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Calif. High Court Takes Meal Break CaseWading into one of the most hotly contested labor issues of recent years, the California Supreme Court on Wednesday agreed to decide what employers must do to comply with state-mandated meal breaks. Review had been sought not only by a potential class of an estimated 60,000 restaurant workers, but also by a slew of amici curiae, including Attorney General Jerry Brown, four state legislators and the California Labor Federation, which represents more than 2 million workers in a variety of professions.
The Recorder2008-10-23 12:00:00 AM
Wading into one of the most hotly contested labor issues of recent years, the California Supreme Court on Wednesday agreed to decide what employers must do to comply with state-mandated meal breaks.
Review in Brinker Restaurant Corp. v. Superior Court (Hohnbaum), S166350, had been sought not only by a potential class of an estimated 60,000 restaurant workers, but also by a slew of amici curiae, including Attorney General Jerry Brown, four state legislators and the California Labor Federation, which represents more than 2 million workers in a variety of professions.
The high court's action -- by a 6-0 vote with Justice Kathryn Mickle Werdegar absent -- stays a July 22 decision by San Diego's 4th District Court of Appeal, which held that employers are required to provide meal and rest breaks for their workers, but not to ensure they're taken. The lower court also denied class certification, saying that alleged violations of meal and rest breaks involved individual claims that had to be resolved separately.
Kimberly Kralowec, a partner with San Francisco's Schubert Jonckheer Kolbe & Kralowec and one of the attorneys representing workers who sued Brinker Restaurant Corp., was elated by the Supreme Court's decision.
"The primary meal period compliance question is an issue that has been raised and actively litigated in dozens of cases in state court and federal court," she said Wednesday. "The Brinker ruling created a split of authority. Now the Supreme Court will sort it out."
She said it also gives the court a chance to reconsider the class certification issue.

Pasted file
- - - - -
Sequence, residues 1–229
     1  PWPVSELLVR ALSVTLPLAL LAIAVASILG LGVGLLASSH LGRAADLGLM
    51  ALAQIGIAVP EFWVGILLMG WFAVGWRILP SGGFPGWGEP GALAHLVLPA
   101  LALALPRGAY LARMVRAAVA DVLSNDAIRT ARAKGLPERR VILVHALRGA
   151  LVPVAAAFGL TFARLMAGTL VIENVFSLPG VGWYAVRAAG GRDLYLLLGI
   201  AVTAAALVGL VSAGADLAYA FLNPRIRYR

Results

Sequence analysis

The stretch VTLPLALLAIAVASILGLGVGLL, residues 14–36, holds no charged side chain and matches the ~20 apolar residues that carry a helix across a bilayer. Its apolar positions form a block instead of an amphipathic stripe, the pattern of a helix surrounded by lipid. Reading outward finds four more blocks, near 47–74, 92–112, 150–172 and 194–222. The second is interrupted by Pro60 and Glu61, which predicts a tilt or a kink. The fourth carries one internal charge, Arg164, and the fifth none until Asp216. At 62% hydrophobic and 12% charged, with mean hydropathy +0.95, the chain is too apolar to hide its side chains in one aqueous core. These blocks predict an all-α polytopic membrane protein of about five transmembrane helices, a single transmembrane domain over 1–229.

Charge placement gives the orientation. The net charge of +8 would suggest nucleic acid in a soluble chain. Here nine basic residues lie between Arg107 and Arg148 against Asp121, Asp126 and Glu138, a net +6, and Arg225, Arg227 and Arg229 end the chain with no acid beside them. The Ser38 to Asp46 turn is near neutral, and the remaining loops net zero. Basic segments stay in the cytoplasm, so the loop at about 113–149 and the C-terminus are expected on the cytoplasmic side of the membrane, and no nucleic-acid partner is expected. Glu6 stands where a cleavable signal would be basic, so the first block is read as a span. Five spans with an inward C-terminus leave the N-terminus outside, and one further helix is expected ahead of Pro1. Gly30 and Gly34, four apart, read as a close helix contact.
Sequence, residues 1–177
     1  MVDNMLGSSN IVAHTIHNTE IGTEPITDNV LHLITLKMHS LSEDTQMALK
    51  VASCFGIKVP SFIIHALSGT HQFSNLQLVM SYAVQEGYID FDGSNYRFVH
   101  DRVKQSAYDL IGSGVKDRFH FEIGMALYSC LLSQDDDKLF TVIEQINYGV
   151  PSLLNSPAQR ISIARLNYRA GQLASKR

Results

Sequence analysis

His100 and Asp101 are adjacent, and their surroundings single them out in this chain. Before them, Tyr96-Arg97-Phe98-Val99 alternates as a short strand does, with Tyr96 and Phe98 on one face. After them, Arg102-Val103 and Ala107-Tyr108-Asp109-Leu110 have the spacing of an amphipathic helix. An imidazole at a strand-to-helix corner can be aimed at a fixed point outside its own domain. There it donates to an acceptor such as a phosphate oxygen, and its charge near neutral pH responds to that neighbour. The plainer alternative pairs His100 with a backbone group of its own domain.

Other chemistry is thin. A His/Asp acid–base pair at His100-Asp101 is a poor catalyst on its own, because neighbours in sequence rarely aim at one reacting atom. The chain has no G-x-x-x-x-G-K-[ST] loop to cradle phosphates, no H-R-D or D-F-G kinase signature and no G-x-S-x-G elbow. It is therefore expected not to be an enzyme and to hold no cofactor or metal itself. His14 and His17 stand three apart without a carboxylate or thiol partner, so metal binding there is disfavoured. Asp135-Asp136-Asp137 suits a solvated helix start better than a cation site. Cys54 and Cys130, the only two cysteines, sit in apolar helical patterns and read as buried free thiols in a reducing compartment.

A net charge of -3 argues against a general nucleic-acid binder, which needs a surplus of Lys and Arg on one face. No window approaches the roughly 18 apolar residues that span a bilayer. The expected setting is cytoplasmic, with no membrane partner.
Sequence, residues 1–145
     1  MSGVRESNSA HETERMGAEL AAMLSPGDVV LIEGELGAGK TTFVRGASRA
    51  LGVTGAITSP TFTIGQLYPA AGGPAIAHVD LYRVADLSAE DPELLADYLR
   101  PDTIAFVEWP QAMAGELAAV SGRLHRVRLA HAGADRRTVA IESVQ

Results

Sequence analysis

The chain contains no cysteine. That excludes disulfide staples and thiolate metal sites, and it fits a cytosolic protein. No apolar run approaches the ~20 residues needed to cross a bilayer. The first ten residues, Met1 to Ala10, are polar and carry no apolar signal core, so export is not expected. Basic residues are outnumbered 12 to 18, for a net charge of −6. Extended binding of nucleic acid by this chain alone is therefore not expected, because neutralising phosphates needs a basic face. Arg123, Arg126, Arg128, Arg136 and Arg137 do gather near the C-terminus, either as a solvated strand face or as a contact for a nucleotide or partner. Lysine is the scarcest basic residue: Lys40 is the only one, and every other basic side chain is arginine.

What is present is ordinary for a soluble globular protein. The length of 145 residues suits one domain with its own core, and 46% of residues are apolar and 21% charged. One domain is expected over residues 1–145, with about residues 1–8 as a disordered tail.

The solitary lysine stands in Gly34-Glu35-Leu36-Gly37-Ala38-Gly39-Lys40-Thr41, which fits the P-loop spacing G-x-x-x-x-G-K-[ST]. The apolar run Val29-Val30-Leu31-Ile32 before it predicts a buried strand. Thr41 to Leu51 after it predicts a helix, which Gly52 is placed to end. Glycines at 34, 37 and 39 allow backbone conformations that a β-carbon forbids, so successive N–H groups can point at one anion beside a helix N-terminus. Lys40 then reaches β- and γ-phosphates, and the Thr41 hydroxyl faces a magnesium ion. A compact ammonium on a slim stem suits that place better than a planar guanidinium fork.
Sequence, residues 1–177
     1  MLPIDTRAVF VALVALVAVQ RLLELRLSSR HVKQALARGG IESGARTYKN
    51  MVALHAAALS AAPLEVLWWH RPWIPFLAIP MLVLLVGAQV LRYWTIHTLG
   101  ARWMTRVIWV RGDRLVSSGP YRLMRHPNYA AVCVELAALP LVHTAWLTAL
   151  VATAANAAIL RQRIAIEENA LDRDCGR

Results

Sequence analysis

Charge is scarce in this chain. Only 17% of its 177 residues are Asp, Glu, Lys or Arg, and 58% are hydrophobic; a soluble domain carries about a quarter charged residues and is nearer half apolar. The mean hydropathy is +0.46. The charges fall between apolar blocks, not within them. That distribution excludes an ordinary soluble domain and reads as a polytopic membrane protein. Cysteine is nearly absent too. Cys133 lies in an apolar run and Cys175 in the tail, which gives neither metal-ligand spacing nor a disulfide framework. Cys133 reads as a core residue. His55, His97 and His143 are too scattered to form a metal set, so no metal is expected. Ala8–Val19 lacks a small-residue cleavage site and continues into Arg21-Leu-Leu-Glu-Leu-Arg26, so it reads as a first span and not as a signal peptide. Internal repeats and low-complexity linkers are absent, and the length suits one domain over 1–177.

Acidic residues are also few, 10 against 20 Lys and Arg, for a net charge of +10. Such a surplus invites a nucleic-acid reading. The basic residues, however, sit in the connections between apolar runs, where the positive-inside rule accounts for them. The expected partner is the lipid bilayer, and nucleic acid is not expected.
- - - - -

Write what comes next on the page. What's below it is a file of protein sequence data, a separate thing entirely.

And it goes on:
Rex Heinke, a partner in Akin Gump Strauss Hauer & Feld's Los Angeles office who represents Brinker, referred calls to his client. Susan Sandidge, vice president and assistant general counsel of Dallas-based Brinker International Inc., said in a prepared statement that review by the California Supreme Court provides "a good opportunity" for clarity and direction.
"We believe the court of appeal was correct in [its] ruling," she said, "and look forward to advocating to the Supreme Court that [its] decision be upheld."
Brinker -- which in California operates nearly 140 restaurants, including branches of Chili's Grill & Bar, Romano's Macaroni Grill and Maggiano's Little Italy -- was sued in 2002 by the state Division of Labor Standards Enforcement. The agency alleged that Brinker had failed to meet statutory standards for meal and rest periods, often working employees through their breaks.
A San Diego judge sided with the workers in 2006, even finding a class action viable. The appellate court reversed, setting up a split with Sacramento's 3rd District, which ruled in 2005's Cicairos v. Summit Logistics Inc., 133 Cal.App.4th 949, that employers have a duty to ensure employees get meal breaks.
In petitioning for review, Kralowec and her co-counsel, including L. Tracee Lorens of San Diego's Lorens & Associates, argued that the health of "millions of workers" is at stake.
"Without guidance from this court," they wrote, "the split in authority between Brinker and Cicairos will only fester."
In Brinker's response, Heinke and his co-counsel at Morrison & Foerster and the L.A. office of Hunton & Williams argued that their opponents would like to force employers to provide breaks that workers might not want.
"Employers should be required to comply with the law by making meal periods and rest breaks available," they wrote, "while accommodating an employee's personal choice to [forgo] an unpaid 30-minute lunch period to leave early for a dentist's appointment or to meet with a child's teacher."
Many of the amici arguing for review represented employees who have filed similar complaints.
The AG's brief, authored by Solicitor General Manuel Medeiros, likely carried a lot of weight because it was filed on behalf of the state. Medeiros asked the court to resolve the appellate split and said there was "an issue of great importance at stake ... namely the health and safety of California employees, which this court has found is directly related to the rest and meal break periods that employees are statutorily entitled to receive."
No amici filed on behalf of Brinker.
Meal break issues aren't new to the California Supreme Court. Just last year, in Murphy v. Kenneth Cole Productions Inc., 40 Cal.4th 1094, the court extended the period of time that workers had to seek compensation for missed meal and rest breaks.